I played a place called the Whitehorse Tavern in Flint, MI a few times. For those who don't know Flint, it has been vying for the #1 spot as murder capital
in the US for a number of years--only competition is Detroit, and a city in New Jersey. Yet the Whitehorse is a throwback to a time when Flint & Detroit's
Willow Run manufacturing plants not only helped win WWII, but also built the groundwork for another generation of GM employees to earn a living, and
raise their families. Sadly, now Flint is a ghost of its former self, and has been serving as a bellwether to the loss of manufacturing jobs in Michigan since
the 1980's. Every worker that came into the Whitehorse had stories to tell of being bought out for retirement, getting laid off, and wondering what the hell
they were going to do next. For these workers, the Whitehorse is one of the last holdouts in a sea of uncertainty. On a lighter note--be sure to tell one of
the bartenders there that it's your birthday (you might still get lucky enough to see the mirror opposite of a "Bug Eyed Betty" in a way that will scar your
Sons of Great Men:
Dedicated to the unfortunate few that are always struggling to break free from the burden of their lineage--(...so let's make sure that they never get back in
the White House...)
This song was written as a tribute to Sayles' family cabin in Cherry Grove Township Michigan. The "old cabin home" has been in the
Rogala/Ziehm/Sayles family for over sixty years, and was built by his great grandfather, grandfather, and Uncle in the mid 1950's.
Instruments on the Album:
Dave White: Open-back Wildwood Troubadour Banjo, Gibson 1921 A-4 mandolin, 1996 Stelling Bellflower, 1978 Guild D-50.
David Roine: An Amati copy violin made in Germany around the turn of the 20th century. A Guerrini Superluxe 80 bass piano accordion (made in
50's/60's?) A Generation high "D" tin whistle (British made).
Rick Clemens: 2011 Andreas Eastman VB200 Upright Bass 1993 Guild B30-E Acoustic fretless bass
Matt Sayles: 2000 Taylor 415 Jumbo, 1964 Gibson L-48, 2006 Michael Kelley Bayou Resonator, mid 2000's Custom Gonstead Square Neck Dobro.
The album was recorded live in real-time in December of 2011 & January & February of 2012 by Philville Records West (Awake from the Dream
& Coming back were recorded originally in March of 2011, and first appeared on "Wilson's Hotel" Philville Records release 005, 2008.) All songs
were recorded, mixed, & mastered by Matt Sayles on a Roland VS 2400. Tube MP Pre-amps and AKG, Shure, MXL (Ribbon Mic), and Nady Mic's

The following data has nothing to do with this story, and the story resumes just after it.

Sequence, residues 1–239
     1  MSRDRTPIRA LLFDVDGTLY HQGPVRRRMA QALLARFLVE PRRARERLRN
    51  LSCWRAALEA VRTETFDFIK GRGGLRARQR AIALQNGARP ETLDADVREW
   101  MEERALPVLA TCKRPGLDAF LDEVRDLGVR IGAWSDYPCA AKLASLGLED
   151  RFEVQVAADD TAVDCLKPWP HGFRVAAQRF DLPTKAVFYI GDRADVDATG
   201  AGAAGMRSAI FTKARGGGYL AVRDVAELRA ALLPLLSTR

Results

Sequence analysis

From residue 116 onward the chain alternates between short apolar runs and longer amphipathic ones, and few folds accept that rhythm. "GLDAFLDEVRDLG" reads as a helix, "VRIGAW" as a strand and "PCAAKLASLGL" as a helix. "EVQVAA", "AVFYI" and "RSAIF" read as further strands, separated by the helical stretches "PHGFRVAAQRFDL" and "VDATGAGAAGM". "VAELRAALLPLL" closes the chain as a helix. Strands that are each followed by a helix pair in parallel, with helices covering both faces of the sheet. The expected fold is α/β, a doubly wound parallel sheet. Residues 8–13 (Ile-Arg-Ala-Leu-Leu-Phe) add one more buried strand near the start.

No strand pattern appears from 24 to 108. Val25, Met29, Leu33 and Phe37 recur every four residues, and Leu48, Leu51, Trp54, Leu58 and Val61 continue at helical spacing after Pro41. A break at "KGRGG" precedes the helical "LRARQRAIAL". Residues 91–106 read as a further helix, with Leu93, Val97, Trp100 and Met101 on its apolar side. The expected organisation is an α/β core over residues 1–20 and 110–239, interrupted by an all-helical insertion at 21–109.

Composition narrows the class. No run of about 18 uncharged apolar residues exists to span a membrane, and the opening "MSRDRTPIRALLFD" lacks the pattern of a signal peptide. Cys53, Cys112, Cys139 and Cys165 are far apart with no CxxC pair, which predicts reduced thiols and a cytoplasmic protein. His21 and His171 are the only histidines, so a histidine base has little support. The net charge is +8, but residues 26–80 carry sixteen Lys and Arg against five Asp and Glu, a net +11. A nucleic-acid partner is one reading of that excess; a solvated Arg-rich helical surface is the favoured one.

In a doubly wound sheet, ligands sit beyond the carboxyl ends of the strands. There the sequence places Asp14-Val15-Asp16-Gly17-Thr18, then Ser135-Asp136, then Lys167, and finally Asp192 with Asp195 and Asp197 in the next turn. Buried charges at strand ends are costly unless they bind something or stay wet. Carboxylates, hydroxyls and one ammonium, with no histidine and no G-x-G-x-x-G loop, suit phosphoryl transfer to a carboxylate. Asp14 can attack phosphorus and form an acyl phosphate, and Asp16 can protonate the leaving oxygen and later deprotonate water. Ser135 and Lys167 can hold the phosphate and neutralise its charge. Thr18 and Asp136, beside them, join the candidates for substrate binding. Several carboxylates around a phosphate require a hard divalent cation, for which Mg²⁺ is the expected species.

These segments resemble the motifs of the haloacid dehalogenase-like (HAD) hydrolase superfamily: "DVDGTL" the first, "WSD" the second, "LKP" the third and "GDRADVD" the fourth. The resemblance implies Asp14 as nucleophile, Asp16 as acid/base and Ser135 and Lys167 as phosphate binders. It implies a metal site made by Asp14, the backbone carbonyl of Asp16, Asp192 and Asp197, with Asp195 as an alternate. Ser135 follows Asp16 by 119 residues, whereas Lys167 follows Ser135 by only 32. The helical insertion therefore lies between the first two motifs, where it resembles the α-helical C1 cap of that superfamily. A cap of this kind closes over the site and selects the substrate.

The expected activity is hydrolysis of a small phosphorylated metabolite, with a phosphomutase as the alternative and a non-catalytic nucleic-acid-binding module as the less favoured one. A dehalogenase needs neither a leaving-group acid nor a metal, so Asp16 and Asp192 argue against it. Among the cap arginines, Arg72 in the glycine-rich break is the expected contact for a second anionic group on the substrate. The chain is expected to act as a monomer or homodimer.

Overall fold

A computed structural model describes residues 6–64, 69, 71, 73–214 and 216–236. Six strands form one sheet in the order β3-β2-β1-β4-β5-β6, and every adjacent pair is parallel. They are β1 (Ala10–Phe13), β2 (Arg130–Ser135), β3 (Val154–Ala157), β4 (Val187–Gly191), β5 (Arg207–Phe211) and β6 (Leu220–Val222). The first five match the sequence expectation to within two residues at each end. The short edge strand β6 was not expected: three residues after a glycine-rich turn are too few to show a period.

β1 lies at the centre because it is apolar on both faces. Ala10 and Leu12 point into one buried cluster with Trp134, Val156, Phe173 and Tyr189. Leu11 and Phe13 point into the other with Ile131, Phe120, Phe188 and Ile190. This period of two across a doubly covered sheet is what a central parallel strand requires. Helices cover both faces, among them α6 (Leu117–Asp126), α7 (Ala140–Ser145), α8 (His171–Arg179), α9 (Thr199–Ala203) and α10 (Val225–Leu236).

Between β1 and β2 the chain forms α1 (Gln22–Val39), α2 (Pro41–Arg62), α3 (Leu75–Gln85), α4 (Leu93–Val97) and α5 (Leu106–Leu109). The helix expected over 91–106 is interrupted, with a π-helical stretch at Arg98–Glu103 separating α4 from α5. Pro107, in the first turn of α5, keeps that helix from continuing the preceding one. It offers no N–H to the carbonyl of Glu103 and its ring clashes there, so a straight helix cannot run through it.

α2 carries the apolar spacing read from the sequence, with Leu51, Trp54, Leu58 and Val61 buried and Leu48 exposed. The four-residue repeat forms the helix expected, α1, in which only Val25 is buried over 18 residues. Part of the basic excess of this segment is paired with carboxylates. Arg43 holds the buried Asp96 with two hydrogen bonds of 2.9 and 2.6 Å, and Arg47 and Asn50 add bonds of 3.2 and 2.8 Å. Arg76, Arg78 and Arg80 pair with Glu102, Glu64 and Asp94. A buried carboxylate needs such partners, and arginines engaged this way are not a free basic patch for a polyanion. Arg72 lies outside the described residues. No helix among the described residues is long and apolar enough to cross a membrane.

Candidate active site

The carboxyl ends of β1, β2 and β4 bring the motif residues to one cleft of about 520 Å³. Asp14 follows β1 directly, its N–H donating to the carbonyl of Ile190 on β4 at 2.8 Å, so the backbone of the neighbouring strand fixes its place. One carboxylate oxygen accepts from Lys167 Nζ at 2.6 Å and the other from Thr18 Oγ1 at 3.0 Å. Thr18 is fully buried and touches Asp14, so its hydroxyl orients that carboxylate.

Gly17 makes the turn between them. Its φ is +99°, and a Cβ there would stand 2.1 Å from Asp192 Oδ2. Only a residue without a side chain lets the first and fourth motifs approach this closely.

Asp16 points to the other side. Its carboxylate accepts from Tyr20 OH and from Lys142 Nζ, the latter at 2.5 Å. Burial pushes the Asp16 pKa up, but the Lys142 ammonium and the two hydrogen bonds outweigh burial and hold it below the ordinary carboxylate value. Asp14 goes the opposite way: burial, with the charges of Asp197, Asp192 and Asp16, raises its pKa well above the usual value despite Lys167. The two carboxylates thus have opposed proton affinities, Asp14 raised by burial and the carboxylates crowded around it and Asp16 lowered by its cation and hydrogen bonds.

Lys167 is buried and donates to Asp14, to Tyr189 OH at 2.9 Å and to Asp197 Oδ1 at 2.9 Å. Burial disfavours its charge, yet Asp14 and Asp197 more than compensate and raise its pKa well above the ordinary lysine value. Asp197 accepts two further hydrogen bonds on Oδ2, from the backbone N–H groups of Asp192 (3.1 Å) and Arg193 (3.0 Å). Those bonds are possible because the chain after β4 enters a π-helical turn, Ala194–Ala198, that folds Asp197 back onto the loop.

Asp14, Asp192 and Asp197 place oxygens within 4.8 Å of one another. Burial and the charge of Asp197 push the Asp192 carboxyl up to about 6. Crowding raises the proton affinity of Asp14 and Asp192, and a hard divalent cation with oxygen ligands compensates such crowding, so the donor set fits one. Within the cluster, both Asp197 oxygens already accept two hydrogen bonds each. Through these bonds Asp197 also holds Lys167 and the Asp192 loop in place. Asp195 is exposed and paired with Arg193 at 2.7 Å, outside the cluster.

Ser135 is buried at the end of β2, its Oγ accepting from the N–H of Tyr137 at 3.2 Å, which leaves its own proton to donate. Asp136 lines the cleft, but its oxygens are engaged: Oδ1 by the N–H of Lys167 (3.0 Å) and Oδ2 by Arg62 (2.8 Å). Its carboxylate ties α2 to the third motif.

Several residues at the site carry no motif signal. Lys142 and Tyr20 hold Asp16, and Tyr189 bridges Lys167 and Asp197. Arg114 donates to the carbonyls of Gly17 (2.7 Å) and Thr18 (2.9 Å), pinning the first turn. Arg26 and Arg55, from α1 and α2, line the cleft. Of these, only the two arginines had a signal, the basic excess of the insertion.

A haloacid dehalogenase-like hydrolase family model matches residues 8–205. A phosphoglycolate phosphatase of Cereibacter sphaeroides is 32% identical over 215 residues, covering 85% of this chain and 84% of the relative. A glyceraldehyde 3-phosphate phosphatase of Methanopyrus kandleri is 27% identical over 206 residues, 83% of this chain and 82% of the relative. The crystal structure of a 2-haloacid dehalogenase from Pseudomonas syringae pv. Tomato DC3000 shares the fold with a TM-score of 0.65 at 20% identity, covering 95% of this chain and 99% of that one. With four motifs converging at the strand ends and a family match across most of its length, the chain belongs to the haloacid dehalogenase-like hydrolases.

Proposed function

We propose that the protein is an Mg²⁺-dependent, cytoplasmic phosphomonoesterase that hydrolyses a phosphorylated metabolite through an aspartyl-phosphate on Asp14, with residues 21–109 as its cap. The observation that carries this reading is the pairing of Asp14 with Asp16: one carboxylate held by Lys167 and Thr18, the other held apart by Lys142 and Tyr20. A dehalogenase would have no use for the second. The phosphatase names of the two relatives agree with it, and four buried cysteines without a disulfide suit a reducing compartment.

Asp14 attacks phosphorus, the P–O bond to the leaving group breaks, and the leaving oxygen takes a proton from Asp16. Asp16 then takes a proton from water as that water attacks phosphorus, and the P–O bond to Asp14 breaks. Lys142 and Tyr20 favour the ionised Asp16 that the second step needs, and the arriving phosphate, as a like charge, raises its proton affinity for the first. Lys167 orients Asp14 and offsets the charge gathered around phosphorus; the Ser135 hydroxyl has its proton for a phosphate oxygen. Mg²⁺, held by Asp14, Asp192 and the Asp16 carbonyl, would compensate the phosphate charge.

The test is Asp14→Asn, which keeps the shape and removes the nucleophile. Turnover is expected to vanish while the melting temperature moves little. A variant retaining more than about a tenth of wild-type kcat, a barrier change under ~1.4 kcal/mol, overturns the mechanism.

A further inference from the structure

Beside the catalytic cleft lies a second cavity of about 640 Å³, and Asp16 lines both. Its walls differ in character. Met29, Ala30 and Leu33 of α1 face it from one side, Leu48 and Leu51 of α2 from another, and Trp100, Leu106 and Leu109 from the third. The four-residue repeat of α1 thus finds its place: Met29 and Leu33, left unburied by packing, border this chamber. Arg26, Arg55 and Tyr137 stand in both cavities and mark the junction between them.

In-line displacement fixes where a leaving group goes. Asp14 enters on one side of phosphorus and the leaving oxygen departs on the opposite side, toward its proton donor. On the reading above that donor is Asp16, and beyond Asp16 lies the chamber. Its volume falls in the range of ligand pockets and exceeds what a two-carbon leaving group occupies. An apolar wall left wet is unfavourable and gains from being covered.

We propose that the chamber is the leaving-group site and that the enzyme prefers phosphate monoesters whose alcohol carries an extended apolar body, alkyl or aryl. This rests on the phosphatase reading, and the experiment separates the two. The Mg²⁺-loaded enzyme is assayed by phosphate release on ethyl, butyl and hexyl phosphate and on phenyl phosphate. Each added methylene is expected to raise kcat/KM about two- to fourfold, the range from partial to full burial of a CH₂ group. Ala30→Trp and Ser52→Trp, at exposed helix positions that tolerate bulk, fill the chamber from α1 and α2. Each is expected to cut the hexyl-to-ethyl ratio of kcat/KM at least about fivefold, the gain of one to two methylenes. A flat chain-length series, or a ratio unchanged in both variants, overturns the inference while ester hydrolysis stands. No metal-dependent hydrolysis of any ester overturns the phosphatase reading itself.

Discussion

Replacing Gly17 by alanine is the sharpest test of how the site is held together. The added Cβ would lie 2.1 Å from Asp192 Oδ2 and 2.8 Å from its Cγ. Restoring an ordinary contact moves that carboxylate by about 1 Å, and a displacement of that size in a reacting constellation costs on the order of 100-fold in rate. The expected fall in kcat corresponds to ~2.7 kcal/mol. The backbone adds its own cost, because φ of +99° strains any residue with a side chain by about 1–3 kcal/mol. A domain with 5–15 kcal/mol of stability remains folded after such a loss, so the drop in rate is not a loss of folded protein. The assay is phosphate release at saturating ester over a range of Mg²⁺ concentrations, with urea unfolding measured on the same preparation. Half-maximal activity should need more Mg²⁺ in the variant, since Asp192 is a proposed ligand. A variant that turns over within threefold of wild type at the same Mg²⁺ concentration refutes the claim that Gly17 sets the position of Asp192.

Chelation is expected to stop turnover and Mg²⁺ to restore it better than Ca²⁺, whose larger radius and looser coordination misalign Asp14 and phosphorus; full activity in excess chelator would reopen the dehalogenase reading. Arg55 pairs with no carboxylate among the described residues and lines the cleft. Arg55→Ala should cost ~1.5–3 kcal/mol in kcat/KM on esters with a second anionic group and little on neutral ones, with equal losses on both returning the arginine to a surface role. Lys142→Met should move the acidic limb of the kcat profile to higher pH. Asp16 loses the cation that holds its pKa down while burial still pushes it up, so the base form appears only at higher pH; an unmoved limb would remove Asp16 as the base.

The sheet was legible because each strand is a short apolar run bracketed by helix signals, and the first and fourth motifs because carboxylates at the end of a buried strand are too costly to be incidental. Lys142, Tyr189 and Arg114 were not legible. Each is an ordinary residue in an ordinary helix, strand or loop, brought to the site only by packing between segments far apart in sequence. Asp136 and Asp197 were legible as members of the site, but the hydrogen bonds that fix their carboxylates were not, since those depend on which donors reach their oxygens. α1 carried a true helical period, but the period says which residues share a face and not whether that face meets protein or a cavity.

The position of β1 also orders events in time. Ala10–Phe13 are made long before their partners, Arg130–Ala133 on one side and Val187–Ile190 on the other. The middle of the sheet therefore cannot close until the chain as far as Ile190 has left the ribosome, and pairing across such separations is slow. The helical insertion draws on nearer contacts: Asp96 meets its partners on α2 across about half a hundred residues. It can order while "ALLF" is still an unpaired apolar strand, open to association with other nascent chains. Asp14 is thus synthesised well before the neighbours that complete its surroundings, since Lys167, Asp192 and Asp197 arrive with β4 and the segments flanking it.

were used on all of the tracks.
Thanks to Trine, Maravilla, Kristian, Signe for their excitement, encouragement, patience and fine musical ears. Thanks to Steve Clemens for
the life of music shared, music theory chats, and the constant positive feedback. Thanks to Craigslist for providing the medium to hook up a
bunch of great musicians & friends--Thanks to good Tequila for keeping the jams lasting late--and thanks to good chocolates and cheeses for
going so damn well with good Tequila!
Cheryl Frei,The Ventucky String Band & families, Eva Rogala, my sister--Melissa Risk, Bob & Cindy Sayles, Al & Gloria Sayles, The Risk Family,
Fraulein Kitzenbauer, Frostbitten Grass, Phil Pearce & Phil's 550, Sven Gonstead, Francisco Mirabent, Mike & George Tripp, Tim Hicks, Jason
Lawes, Andy Decker, Jason Peterson, Mike Burnham, Mel & Jamie Shippey, Eric Paavo, Mike Fitzpatrick, Ryan Olthouse, the Clampoons, Dan
Flesher, Nate & Dave Bett, Brian "Looper" Lucas, The U.P., Hiawatha Music Co-Op, The Dreadnaughts, Jane Cisluycis, Pat Stinson, James
Gordon, The White Horse Bar in Flint, MI., Mike Justis, Kevin & Janie Justis, Stan Bales, Dave Sowers, Lassen Land & Trails Trust, the Sierra
Nevada Conservancy, Joel Rathje, the Wildlife Conservation Board, Big Tweed, Erika & Brent Harding, Bill Flores, Ventura, Bill Locey, Michel
Cicero, the Big Buddha Lounge (Arianne & Dave), The Mutineers & Mutiny Studios, Chad Mueller & Big Jugs, Danny Garone & the Iron Outlaws,
Nick Martinez, Jill, Wendy & Gary & the Elkhorn Bar in San Miguel, CA.
Special Thanks to: Jake Howard, Graphic Designer for the album & Mutiny Studios for the Silk-screening.
Extra Special Thanks to Bob Sayles: You are most sincerely a "great man", and it is because of your ingenuity & skills that I have been
fortunate enough to explore the country and appreciate the rewards of hard work. Much love Dad!
Copyright 2017 Philville Records
Ventura, CA 93001
Copyright 2017 Philville Records
Ventura, CA 93001